That’s it from me until nearly the end of this month. We’re taking to the railways again, leaving for London later today then catching Eurostar to Amsterdam before heading east. The aim is to travel light but no doubt space will be made for a book or three.

Heather, The Totality by Matthew Weiner: Delivers on its promise

I’ve been looking forward to this novel since I first came across it in Canongate’s catalogue. Some of you may have already heard of Matthew Weiner, or you may know his writing from Mad Men or The Sopranos but not his name. As is so often the case, it’s the starry actors’ names that stay with us – Elisabeth Moss or James Gandolfini – but not the scriptwriters’ without whom, of course, there’d be no boxed set to watch and rewatch. Heather, The Totality is Weiner’s first novel, a slim, dark piece of fiction which more than fulfilled expectations raised by hours spent in front of his screen creations.

Mark and Karen have just tipped over into their forties when they meet. She’s something of a beauty, working as a publicist but happy at the prospect of marriage and a family. He works in finance, no physical match for her with his chubby plain features but successful in his way, if only through luck. They marry, set up house and soon Karen is pregnant. Heather is a beautiful, intelligent child, almost preternaturally empathetic. She becomes the centre of Karen’s life while Mark resentfully accepts whatever crumbs are thrown his way. When the penthouse apartment is renovated, most of the residents move out for the duration but Karen insists on staying, reluctant to disturb Heather’s routines. One of the workers arouses Mark’s suspicions when he’s caught ogling Heather, now a startlingly attractive teenager. A child of poverty and violence, Bobby is the opposite of Heather with whom he has become obsessed. For Mark, his intentions are terrifyingly clear.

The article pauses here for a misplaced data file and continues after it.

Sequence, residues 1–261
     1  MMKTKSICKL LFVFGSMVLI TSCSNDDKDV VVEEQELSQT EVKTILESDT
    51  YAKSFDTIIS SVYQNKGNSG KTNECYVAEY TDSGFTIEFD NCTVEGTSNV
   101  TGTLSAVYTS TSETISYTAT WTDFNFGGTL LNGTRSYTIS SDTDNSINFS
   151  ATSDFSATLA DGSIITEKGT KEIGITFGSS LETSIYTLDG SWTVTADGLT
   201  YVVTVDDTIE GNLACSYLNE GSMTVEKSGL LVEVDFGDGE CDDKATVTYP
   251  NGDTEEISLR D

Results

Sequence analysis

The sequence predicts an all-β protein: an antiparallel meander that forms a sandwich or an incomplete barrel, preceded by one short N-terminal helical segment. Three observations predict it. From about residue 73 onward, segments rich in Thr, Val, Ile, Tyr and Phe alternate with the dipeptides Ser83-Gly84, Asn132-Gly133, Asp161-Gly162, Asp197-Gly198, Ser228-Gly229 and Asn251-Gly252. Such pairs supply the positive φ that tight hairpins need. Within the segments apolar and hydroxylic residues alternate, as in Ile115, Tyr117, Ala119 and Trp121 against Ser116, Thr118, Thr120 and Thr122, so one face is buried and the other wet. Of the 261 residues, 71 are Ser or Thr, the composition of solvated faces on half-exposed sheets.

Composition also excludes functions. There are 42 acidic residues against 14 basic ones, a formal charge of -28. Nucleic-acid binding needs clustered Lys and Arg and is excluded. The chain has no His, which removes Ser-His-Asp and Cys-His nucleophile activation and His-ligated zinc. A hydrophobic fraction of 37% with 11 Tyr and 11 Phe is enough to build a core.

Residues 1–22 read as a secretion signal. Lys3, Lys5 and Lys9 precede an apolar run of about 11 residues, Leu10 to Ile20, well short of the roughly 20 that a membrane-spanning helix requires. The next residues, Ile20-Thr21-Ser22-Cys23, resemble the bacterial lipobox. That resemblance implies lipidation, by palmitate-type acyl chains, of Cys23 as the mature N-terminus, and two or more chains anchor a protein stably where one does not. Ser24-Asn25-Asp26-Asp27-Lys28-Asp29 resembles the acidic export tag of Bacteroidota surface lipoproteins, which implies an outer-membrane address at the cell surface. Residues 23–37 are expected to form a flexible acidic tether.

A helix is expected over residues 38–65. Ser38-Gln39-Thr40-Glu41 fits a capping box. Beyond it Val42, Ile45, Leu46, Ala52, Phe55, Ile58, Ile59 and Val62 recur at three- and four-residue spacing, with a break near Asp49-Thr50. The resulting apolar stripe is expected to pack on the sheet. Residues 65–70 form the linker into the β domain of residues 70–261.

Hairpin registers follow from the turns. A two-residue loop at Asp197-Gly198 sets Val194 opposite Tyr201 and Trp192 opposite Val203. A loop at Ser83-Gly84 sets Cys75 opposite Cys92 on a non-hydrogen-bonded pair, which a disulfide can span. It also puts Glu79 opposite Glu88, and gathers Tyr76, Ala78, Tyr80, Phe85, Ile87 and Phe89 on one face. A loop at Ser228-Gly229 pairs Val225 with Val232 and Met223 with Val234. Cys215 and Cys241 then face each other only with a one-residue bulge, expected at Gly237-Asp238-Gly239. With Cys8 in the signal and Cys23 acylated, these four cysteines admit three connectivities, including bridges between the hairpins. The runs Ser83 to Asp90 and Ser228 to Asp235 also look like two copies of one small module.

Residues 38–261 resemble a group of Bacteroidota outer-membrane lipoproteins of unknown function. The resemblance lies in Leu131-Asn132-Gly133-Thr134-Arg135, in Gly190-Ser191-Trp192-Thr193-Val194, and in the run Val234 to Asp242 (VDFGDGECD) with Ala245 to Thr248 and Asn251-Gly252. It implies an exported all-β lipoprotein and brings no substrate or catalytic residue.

Weiner’s smart, sharp debut explores privilege and deprivation, marriage and parenting, love and jealousy with precision and insight, all wrapped up in a taut piece of noir. The perspective shifts smoothly between the four main characters intensifying the novel’s suspense and our relationship with them. Weiner’s prose is as polished as you might expect from his screenwriting: clipped, crisp yet vivid.

Mark knew that unlike his Sister, who had starved to avoid breasts and menstruation and men, Heather would be a normal teenage girl, and that was no comfort either

Heather’s empathy had matured with the rest of her and was now incisive to the point of pain

Heather’s privilege and Bobby’s lack of it are quietly contrasted in parallel narratives woven neatly through the novel’s episodic structure. It all works beautifully and the ending is a triumph. Weiner’s book comes proclaimed ‘superb’ by Philip Pullman, and indeed it is.

Blasts from the Past: The People’s Act of Love by James Meek (2005)

Cover imageThis is the latest in a series of occasional posts featuring books I read years ago about which I was wildly enthusiastic at the time, wanting to press a copy into as many hands as I could.

The People’s Act of Love is one of those rare things: a novel that came to me via H’s recommendation. He tends to read much more non-fiction than I do, relying on my suggestions for fiction apart from crime of which I’m not fond. In fact, I think I handed this on to him as something that seemed more up his street than mine. He raved about it so I had to read it then became a fervent convert. We weren’t the only ones – it was praised to the skies by critics who bravely compared it with the likes of Tolstoy and Dostoyevsky.